View more available parts for Ariston water heaters
|Heavy Duty Water Heater Stand
||This water heater stand features:
- Heavy duty 14 gauge galvanized steel construction
- Quick to assemble
- Approximately 21.5" square x 18" high
- Corrosion resistant
- Rated up to 650 lbs
- Holds most tank-style water heaters up to 50 gallon capacity (max diameter 22")
- Includes mounting clips for securing to wall/floor
- Meets UPC requirements
Heavy Duty Galvanized Water Heater Stand = $82.98
Related Items & Information
Frequently Asked Questions
Q. "Why would anyone need an expansion tank?"
A. Water is incompressible. Unlike air, it's impossible to squeeze any quantity of water into a smaller volume. Where that matters is in "closed" water systems such as a water heater with a check valve (pressure regulator and the like) ahead of the heater. When the water gets heated it expands and that extra volume has to go someplace. Without an expansion tank the pressure could rise to a dangerous level in a closed system. A diaphragm type of expansion tank (such as what we sell) is a pressure vessel that contains a flexible membrane totally separating the water from a captive volume of air. Air compresses and as the water temperature rises, creating extra pressure/space, the air in the vessel accommodates that increase. Thereby preventing a potentially dangerous pressure rise.
Q. "I have a sulfur odor smell coming from the hot water side of my faucets. A friend of mine told me that it might be caused by my water heater anode rod. Is that true and if so, if I remove the anode rod will the odors go away?"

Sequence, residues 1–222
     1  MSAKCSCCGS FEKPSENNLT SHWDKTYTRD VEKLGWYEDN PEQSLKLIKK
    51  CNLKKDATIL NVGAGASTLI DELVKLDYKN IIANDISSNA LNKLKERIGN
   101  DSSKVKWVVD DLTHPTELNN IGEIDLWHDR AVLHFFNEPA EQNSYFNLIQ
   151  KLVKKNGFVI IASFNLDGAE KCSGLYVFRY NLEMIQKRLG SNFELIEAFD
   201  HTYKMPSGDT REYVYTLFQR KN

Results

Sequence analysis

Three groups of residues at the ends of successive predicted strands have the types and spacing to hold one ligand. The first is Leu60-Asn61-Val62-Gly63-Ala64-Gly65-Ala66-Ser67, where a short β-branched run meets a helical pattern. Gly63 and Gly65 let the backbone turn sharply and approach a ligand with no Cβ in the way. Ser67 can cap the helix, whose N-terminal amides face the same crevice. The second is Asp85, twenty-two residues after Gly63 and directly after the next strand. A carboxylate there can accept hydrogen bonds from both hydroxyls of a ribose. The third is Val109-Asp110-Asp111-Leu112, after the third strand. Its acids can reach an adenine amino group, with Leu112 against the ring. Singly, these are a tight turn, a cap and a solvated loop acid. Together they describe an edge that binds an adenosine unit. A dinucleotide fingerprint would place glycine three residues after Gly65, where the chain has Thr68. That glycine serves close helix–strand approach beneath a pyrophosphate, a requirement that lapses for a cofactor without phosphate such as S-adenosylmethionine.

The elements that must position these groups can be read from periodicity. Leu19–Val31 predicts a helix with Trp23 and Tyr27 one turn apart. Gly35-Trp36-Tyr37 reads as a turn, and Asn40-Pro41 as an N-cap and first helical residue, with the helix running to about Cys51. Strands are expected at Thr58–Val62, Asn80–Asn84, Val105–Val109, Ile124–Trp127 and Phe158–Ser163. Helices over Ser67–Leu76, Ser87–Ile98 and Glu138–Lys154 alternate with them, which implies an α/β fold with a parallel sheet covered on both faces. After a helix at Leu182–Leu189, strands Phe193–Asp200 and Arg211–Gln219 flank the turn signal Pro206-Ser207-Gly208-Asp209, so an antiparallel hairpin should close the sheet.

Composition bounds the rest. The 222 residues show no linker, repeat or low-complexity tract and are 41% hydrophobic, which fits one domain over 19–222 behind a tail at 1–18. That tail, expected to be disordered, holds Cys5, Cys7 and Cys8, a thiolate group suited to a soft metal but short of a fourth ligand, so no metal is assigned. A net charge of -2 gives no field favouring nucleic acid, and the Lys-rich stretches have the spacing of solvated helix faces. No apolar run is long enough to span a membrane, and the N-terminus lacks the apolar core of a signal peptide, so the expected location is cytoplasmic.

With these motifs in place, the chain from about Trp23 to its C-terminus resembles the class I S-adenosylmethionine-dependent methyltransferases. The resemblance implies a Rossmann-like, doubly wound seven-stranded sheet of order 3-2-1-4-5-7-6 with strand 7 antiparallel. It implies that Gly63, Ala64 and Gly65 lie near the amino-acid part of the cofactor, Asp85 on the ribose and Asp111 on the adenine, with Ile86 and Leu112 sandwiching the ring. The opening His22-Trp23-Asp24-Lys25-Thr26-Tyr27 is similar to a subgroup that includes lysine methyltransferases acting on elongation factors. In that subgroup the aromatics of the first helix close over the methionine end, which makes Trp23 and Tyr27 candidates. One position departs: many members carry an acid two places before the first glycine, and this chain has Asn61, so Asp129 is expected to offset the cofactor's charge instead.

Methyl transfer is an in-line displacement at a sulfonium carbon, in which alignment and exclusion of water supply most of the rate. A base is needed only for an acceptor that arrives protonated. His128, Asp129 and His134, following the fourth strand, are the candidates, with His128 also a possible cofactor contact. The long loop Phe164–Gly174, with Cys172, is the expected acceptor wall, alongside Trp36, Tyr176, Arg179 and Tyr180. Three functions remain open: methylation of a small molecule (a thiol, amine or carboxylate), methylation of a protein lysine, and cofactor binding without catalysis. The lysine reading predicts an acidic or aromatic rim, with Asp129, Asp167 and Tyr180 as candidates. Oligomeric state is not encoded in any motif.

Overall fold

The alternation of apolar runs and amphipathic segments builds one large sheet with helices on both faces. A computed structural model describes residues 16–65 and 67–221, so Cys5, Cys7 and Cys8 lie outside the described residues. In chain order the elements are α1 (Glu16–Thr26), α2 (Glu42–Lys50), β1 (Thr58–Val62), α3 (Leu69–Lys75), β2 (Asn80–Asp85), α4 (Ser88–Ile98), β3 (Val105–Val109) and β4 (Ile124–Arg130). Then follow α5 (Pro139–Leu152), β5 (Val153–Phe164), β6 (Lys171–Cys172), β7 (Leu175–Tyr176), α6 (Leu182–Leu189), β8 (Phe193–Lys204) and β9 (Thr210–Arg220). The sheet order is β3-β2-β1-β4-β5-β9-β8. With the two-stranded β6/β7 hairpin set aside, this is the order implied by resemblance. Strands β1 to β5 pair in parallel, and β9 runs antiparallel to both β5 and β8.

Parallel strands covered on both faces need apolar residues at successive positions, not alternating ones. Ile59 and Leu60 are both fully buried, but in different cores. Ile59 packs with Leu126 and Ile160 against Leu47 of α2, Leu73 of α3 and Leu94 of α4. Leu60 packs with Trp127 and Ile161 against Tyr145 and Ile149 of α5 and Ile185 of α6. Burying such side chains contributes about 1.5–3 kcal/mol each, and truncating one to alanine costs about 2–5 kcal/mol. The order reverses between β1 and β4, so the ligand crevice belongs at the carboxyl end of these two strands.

A. Removing your anode rod will not cure the odor problem, will cause damage to the water heater tank much sooner than normal and will void your warranty. In many cases the odor is hydrogen sulfide gas. The source is sulfate reducing bacteria which is present in many water systems. That bacteria in most cases is harmless but thrives in the hot water environment. Water temperatures of about 140°F - 170°F makes for a rich growth medium. This type of anaerobic bacteria feeds off the hydrogen gas produced by magnesium anode rods. Periodic flushing of the tank with bleach solution will reduce the problem. Because there are so many factors we can not guarantee that the odor will be eliminated, but if you have no odor on the cold side of a faucet and only the warm side generally (not 100%), replacing a magnesium anode rod with one of our Aluminum/Zinc/Tin rods can help solve the problem. Some water heater manufacturers' claim that softened water causes the problems, but that is not a proven fact. Removal of the bacteria will also solve the odor problem. Sanitizing the water heater (with safe levels of bleach, etc), will eliminate the odor but only for a variable (relatively short) length of time. A trace amount of H2S gas in the water is another cause of hot water odor but removal of the anode rod will not cure that odor problem either. It is best to always have an anode rod in your glass-lined steel water heater tank.